1914 Murdoch Saves Liner from Iceberg by Senan Molony


Vicki Logan

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I very much enjoyed the new article Sean. The disaster of the Titanic had so many repercussions and made significant changes in maritime rule. It was interesting to note that other captains paid heed to the downfall of the Titanic, how the ship hit the iceberg and took care not to duplicate the situation. Thanks for the new article to mull over.
Vicki Logan
 
Mar 3, 1998
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I have to thank Senan for the information about the Royal Edward, but conclusions drawn from this incident -- both now and in 1914 -- are misleading.

Those familiar with the effects of mass and momentum will immediately recognise the vast difference between a 46,000 GRT ship steaming at 22 knots and a 11,000 GRT ship steaming ahead dead slow. When a ship displaces as much as Titanic did and travels at such a high rate of speed, ramming a berg stem on is not a prudent action to take. Talking about an earlier incident where the steamship Arizona survived an encounter with an iceberg by ramming it stem on, Joseph Conrad said, "And, even if she had been engined to go twenty knots, there would not have been behind that speed the enormous mass, so difficult to check in its impetus, the terrific weight of which is bound to do damage to itself or others at the slightest contact." The entire context in which this quote was given is located in the FAQs section of my website, for those interested.

I think that the comparison between the Royal Edward and Titanic was hyperbole typical of the period. How else can one make newsworthy a near miss? Or, how better to turn a costly misfortune into a heroic achievement?

There is one fact in the article that caught my interest...the fact that even though the ship was reported steaming dead slow in fog, the berg was sighted two ship's lengths away and the engines were thrown into reverse, the ship still hit the berg with enough force to damage the stem. Something about that doesn't add up for me, but then again, I wasn't there and it's impossible to draw accurate conclusions from newspaper accounts. I am left, however, with the suspicion that the incident was played up so that the actions of the crew wouldn't be brought into question.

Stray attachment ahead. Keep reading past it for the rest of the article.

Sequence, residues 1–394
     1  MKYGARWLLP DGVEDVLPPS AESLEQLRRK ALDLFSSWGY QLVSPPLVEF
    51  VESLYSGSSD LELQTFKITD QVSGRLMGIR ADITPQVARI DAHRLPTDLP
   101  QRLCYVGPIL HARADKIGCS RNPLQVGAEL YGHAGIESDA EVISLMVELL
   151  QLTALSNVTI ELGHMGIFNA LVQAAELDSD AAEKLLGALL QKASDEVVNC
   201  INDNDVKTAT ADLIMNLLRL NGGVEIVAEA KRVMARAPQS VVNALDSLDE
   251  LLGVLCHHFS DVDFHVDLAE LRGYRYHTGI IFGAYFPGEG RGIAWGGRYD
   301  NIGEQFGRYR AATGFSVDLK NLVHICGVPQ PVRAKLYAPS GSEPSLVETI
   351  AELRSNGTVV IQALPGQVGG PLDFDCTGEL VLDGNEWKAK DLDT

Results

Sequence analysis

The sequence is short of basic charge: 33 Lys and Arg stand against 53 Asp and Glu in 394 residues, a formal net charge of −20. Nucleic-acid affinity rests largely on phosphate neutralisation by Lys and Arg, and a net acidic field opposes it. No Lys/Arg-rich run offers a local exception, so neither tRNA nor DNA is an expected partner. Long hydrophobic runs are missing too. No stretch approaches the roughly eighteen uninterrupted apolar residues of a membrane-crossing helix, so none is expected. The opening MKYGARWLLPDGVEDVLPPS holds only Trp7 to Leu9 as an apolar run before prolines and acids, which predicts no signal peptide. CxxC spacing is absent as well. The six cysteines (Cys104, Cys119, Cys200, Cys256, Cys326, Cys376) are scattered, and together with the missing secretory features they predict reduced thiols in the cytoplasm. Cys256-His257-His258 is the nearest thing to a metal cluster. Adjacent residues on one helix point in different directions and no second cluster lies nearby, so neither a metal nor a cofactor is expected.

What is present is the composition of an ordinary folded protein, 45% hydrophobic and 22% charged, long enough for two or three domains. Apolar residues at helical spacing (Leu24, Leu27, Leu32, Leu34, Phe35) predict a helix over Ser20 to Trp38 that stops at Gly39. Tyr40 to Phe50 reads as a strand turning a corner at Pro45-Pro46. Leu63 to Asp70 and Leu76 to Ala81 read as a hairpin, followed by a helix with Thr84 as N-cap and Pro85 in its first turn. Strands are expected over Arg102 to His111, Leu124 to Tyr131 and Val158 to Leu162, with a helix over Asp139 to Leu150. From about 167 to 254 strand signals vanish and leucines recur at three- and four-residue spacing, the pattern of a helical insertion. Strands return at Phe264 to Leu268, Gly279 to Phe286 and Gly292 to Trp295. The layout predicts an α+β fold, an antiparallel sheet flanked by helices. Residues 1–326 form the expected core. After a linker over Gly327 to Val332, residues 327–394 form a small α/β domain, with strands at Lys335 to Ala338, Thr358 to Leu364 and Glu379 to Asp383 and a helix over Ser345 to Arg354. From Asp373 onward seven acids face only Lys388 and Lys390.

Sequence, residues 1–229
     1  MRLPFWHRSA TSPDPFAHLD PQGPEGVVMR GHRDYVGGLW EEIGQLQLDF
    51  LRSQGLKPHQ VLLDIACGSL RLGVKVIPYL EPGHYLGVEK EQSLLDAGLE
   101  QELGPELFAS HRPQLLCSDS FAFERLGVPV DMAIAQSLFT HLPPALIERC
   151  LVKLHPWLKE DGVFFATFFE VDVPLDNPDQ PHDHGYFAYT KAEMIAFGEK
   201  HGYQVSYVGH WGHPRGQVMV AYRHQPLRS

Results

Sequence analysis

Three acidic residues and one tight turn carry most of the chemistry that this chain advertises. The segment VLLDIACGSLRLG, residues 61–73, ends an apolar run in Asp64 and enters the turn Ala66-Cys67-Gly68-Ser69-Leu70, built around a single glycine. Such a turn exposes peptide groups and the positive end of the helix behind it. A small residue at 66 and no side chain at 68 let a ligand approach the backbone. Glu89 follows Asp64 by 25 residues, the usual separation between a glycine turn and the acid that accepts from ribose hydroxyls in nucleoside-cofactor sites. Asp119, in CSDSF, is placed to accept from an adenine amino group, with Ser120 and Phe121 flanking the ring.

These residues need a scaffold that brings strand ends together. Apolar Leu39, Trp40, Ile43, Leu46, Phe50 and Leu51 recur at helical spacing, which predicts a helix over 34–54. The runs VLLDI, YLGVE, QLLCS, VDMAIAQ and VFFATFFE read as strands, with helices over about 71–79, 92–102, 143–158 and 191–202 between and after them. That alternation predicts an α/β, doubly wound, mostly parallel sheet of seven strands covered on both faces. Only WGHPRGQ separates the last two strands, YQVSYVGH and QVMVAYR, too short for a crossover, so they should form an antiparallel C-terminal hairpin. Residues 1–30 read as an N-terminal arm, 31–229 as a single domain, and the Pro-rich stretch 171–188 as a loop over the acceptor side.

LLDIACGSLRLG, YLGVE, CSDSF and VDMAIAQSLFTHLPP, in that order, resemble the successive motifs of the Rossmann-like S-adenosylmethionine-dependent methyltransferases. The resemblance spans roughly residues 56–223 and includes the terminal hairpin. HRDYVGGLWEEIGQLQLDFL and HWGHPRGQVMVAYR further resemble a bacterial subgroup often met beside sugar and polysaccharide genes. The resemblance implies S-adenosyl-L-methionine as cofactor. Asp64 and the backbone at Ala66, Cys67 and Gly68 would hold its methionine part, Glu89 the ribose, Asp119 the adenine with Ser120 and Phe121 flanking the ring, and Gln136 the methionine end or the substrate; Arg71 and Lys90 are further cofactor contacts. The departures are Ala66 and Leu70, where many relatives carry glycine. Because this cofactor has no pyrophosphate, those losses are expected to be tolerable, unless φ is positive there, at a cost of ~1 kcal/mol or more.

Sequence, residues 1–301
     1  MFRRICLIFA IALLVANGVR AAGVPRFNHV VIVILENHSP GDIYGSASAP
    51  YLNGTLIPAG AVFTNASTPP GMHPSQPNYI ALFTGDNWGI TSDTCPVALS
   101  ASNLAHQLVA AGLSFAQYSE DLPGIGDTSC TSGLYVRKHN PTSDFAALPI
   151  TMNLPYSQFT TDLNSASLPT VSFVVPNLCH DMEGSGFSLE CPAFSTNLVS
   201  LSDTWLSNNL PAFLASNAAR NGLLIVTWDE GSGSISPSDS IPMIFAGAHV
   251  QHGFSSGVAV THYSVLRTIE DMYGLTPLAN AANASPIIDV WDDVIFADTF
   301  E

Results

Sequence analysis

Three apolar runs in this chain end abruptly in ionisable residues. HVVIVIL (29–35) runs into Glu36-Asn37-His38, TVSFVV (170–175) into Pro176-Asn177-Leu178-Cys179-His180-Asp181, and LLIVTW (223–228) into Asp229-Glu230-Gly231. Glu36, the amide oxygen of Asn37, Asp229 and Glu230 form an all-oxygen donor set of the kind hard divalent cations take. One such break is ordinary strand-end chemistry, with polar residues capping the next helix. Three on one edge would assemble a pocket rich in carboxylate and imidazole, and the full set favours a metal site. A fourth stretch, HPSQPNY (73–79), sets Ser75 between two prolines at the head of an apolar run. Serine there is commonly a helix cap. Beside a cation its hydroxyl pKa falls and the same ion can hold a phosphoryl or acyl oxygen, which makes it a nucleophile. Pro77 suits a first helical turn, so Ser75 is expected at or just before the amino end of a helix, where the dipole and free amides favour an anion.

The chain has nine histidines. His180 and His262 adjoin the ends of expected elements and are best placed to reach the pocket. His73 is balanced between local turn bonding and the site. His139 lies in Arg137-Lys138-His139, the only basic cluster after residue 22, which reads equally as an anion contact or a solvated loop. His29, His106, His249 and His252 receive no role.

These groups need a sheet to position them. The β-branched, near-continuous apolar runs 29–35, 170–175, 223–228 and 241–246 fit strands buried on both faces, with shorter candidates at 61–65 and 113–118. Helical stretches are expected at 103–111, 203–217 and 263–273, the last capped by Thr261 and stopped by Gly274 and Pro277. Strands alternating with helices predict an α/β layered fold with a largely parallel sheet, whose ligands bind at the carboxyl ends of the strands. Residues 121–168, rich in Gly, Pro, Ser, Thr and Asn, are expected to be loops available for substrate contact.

When seen with a practical eye, there is really no connection between the decisions made by Murdoch and Wotton. Ramming the berg stem on was not an option for Murdoch. Better than anyone else on board save Captain Smith, Murdoch knew that he had too much mass and too much speed going into the collision. If anyone learned anything from the Titanic disaster, it was to slow down. What saved the Royal Edward was not the decision to take the berg stem on, but rather to run at dead slow in an area of reduced visibility.

Inger, if you're reading this post, would you pass it on to Sen for me...I'm unsure whether or not I have his current address.

Parks
 

Erik Wood

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I find both the article and Parks post very interesting. For obvious reasons I tend to agree with Parks assesment of the article. Mass, speed and water born momentum are a nasty combination.

In my mind this is furthering the theory that Titanic should have rammed it head on. Something that in Maine in April I plan to present a piece on.
 
Mar 3, 1998
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Erik,